My 50th during treatment

My 50th during treatment

I restricted my diet during fasting days to 400 calories and reduced/cut out protein and carbs and dairy.  I had some fruit and tended to make things like wholewheat couscous with stirfry veg and soy sauce – adding chillies for some flavour!.  Or salads.  When not fasting but not feeling like eating, I nutribullet/blended a good mix of greens/fruit and fibre which set me up for the day.  Being vegetarian helped but I did have some fish occasionally.  So the main thing was listening to what my body wanted, increasing plant based food, reducing processed foods and fasting round chemo.

I can’t say that I have been completely free of side-effects but I do seem to have fared much better than a lot of people.  It is impossible to say whether this would have been my experience anyway.  I came across the following article recently by a journalist and her experience seems more definitive than mine.  http://www.theguardian.com/society/2016/jun/03/how-to-get-through-chemotherapy-decca-aitkenhead-cancer-treatment

After each session of chemo I did feel under the weather and for a few days and I felt what I described as ‘jet-lagged’. There were also ‘awake’ spells in the night due to steroids and chemo has brought on my menopause so I have been having hot flushes. My ability to ‘taste’ went for a week or so and there were times when I felt tired or needed a sleep in the day. How I felt with chemo was hard to describe.  Not exactly ill but not exactly well either.  But I didn’t need to take the extra anti-sickness tablets I was prescribed each time, or use the mouthwash for mouth and throat sores.  The tests prior to each chemo were generally good so I also know that it didn’t have a detrimental effect on me from a medical perspective.  My weight went down a few pounds each time I fasted but then came back up again before the next round.  I lost a few pounds overall. I generally had a few days of not feeling well but was still able to function.  The rest of the time I felt ok and by week three back to normal.

The days of fasting were manageable.  I tended to keep busy and take on a lot of fluid.  I did sometimes get headaches which I initially put down to reducing caffeine.  Once or twice the headache persisted despite headache tablets but then I found the next day I felt even better.  The main thing was boredom – eating is such a pleasure!   Fasting felt cleansing and although there were times when my energy dipped overall I felt stronger for it and there was for me a sense of achievement and control.  Hunger pains don’t last and they don’t grow.  When I did eat, I really took my time and ate simple and nutritious food and kept broadly within the guidelines I had come across through my research.

  • Post treatment

    Post treatment

    Things I’ve learnt

Listening to your body is really important.  Also things that in your head are ‘treat’ foods don’t turn out to be during chemo – so the treat became a nutribullet smoothie rather than a jam donut – it takes a while for you to notice the felt experience is different to what your head remembers!

 

Vegan pancakes

Vegan pancakes

pancake1Many of you began January as a vegan, because you wanted to support Veganuary, and I know thorough social media that many of you have continued.  And its on special occasions like ‘Pancake day’ that you think…hmm now what do I do?!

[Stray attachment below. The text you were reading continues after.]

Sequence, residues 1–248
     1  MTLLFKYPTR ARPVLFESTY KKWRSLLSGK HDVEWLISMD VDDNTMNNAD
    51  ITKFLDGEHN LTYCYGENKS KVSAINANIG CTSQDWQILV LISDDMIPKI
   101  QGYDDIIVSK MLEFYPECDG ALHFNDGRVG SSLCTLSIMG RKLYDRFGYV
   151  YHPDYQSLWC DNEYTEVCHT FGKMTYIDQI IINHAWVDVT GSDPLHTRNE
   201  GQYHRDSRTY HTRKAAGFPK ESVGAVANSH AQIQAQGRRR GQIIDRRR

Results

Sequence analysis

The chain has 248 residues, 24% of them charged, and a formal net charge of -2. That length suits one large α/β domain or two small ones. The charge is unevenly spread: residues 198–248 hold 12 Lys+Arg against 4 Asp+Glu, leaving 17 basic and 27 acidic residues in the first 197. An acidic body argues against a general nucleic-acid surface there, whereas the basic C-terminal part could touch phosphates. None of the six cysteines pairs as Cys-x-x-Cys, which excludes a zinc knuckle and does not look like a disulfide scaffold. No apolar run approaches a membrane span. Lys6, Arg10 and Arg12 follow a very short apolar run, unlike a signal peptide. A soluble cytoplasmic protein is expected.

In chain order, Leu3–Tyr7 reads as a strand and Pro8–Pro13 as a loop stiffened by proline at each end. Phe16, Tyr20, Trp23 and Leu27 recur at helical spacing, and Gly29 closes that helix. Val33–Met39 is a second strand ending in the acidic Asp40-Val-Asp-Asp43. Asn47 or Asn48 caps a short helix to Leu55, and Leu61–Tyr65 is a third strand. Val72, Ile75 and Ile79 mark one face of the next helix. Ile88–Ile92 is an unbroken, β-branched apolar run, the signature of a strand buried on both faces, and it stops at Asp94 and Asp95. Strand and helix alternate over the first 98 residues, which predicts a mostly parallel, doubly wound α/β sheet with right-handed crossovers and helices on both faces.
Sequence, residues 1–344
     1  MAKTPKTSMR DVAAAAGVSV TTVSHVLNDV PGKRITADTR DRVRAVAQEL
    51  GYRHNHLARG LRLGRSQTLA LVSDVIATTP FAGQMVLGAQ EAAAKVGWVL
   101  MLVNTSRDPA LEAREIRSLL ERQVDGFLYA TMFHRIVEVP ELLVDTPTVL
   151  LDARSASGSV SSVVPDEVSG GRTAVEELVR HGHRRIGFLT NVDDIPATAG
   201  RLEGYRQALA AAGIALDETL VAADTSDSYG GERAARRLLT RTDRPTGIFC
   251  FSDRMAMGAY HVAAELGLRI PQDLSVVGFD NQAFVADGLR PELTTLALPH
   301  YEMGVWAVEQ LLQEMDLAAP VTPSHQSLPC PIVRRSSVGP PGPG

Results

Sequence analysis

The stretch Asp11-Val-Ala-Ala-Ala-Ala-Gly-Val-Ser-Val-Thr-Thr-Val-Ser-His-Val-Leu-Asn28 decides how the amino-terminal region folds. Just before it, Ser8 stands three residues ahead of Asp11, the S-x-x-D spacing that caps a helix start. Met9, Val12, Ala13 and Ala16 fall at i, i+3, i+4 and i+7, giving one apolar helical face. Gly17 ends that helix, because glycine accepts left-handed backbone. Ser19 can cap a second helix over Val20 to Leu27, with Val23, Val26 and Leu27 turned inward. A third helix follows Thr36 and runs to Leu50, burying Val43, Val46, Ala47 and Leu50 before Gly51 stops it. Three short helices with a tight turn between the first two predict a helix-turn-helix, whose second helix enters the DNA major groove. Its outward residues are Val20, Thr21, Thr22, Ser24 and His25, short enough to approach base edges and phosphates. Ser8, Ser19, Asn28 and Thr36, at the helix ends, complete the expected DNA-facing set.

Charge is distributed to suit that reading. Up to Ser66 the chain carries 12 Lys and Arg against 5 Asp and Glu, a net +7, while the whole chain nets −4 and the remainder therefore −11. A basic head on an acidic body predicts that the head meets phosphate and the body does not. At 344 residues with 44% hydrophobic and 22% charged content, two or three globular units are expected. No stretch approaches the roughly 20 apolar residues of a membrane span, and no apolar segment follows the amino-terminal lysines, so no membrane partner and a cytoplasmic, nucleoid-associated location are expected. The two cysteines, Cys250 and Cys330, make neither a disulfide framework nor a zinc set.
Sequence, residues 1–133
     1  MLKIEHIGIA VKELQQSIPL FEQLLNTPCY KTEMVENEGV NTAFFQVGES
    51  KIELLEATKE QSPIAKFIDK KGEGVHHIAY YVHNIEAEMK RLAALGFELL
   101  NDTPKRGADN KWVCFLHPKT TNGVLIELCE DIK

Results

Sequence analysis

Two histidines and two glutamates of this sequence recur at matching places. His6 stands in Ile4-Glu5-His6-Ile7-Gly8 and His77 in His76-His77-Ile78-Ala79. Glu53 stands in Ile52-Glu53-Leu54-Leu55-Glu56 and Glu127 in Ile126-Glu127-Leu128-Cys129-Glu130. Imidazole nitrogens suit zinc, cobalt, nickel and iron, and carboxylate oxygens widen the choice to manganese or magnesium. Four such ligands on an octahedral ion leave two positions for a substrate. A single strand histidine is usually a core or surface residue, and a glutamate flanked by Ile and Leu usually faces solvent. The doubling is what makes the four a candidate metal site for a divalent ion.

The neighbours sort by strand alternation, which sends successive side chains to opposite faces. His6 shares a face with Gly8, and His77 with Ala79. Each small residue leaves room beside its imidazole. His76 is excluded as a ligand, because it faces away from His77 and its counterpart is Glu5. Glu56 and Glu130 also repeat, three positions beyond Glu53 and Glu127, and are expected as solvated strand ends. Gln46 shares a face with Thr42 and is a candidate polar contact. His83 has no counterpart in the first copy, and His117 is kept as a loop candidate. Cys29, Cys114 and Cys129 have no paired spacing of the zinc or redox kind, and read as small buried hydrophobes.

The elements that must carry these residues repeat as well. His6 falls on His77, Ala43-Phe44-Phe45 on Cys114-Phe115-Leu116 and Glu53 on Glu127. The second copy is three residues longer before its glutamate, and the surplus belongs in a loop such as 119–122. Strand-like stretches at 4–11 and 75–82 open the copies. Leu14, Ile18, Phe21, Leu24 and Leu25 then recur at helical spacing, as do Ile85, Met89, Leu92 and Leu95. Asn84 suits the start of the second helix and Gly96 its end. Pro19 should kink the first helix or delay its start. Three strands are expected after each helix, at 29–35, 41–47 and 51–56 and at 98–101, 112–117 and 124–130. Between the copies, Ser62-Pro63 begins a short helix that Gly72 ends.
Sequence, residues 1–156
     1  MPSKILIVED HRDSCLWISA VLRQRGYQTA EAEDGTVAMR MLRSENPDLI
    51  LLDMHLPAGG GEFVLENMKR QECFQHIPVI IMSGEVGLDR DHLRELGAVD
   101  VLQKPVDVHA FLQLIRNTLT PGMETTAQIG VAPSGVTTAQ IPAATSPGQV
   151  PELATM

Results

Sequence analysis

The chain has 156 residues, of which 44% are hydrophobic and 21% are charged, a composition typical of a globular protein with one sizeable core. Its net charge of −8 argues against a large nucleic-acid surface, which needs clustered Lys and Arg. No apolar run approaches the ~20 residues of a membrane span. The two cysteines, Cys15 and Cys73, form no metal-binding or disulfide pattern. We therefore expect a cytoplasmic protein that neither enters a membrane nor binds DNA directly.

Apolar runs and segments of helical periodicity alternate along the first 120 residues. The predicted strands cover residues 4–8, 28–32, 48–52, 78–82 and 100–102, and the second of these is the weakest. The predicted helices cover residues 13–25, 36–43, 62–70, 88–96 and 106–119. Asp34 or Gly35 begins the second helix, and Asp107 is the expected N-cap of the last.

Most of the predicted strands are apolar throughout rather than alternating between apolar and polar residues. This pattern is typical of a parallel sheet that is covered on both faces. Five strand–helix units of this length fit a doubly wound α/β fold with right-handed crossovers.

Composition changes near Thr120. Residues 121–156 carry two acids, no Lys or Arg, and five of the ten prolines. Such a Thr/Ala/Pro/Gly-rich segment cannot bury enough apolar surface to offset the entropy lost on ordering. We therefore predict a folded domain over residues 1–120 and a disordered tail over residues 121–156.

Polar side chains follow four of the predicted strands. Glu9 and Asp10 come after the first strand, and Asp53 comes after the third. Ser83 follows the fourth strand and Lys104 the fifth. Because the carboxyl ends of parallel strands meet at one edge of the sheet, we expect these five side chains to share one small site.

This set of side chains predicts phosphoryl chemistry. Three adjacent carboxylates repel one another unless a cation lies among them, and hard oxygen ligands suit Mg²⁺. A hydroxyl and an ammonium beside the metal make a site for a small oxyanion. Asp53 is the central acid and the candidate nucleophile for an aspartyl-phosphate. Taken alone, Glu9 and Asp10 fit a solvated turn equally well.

Well, I have the answer in my vegan pancake recipe.  This is a mashup of a ‘normal’ recipe and different recipes I found on the Vegan Food UK Facebook page.  I’d highly recommend this resource if you want some vegan inspiration

Makes 12 small pancakes and serves 4 people

IMG_0021100g or 1 cup of porridge oats

300ml or 1¼  cups of non dairy milk (I used soya milk)

50g or 1/3 cup wholemeal/coconut/gluten free flour

2 tsp baking powder

½ tsp cinnamon powder

pinch of salt

1 medium or 2 small ripe bananas

1 tbls chia seeds

rapeseed oil for frying

Don’t worry if your first pancake is a bit ‘pants’ it takes a while for the pan to warm up and for the oil to do its work.  But persevere, your second and subsequent pancakes will be fab!

  • Put all the items into a large bowl and blend them using a hand blender, or in a nutribullet if you have one. Blend until well mixed, you may need to add more milk or a splash of water if its too thick
  • The batter should be the consistency of slightly whipped cream.  The chia seeds will thicken it, if that happens as you’re making your pancakes just add another splash of water
  • Drizzle oil in a non-stick pan, and spread around with a paper towel. Heat on a medium setting.
  • I tried both a large frying pan and my individual cast iron pan, for me the individual pan worked best but it does take longer to cook all the batter
  • Pour in a small amount of the batter to make a small thick circle.

  • When the top starts to bubble (after about 1 minute), its time to flip! A spatula is easiest, but if you fancy your chances give it a toss!
  • Again cook for about a minute, pick the edge up and have a look to see if its cooked. When it’s nice and brown it’s ready. Woo-hoo!
  • When you cook the next pancake don’t add any extra oil but use the kitchen paper and rub the base of the pan, which will provide enough oil.

 

  • IMG_0101Serve straight away or stack the pancakes on a plate in a warm oven until you’re ready to eat.  They can also be made in advance, cooled and kept in the fridge or freezer to eat at another time

I like clementine segments and some vegan ice-cream  with mine.  How do you like yours?